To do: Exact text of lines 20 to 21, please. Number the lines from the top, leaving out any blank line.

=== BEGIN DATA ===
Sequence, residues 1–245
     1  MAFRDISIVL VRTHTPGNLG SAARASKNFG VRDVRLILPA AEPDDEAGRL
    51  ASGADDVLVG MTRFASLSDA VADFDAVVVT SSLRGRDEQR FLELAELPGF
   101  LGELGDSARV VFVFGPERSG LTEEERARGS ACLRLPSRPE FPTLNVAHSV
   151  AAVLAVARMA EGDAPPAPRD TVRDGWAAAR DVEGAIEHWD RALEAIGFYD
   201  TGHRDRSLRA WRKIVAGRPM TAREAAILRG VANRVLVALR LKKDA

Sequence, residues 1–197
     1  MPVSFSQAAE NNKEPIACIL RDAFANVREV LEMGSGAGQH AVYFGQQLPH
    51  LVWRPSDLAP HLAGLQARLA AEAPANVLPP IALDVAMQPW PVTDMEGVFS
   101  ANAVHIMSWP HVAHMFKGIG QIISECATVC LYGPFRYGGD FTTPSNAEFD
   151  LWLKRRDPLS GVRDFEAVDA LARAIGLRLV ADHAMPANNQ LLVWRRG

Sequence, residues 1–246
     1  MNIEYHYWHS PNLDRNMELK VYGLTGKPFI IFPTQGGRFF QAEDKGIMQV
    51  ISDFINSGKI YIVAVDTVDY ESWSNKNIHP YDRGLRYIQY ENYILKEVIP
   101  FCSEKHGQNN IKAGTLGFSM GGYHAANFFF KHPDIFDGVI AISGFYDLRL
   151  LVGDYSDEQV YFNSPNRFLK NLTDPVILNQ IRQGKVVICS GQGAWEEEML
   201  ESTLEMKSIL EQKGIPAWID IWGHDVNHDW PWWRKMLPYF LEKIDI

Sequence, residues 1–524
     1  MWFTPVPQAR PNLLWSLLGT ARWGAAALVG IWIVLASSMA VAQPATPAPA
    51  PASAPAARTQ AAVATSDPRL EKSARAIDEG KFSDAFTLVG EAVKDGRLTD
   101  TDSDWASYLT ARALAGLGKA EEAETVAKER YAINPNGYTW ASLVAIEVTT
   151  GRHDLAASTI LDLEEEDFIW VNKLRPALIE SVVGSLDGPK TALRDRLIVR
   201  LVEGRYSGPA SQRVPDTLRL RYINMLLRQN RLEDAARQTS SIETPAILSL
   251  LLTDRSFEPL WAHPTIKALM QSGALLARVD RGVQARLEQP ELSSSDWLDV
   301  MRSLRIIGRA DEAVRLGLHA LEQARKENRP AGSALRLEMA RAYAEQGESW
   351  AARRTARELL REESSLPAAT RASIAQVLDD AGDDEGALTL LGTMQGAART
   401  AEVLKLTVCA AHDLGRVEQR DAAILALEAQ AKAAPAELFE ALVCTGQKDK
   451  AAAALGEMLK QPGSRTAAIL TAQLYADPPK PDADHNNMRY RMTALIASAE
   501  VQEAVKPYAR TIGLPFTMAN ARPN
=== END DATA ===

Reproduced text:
    51  PASAPAARTQ AAVATSDPRL EKSARAIDEG KFSDAFTLVG EAVKDGRLTD
   101  TDSDWASYLT ARALAGLGKA EEAETVAKER YAINPNGYTW ASLVAIEVTT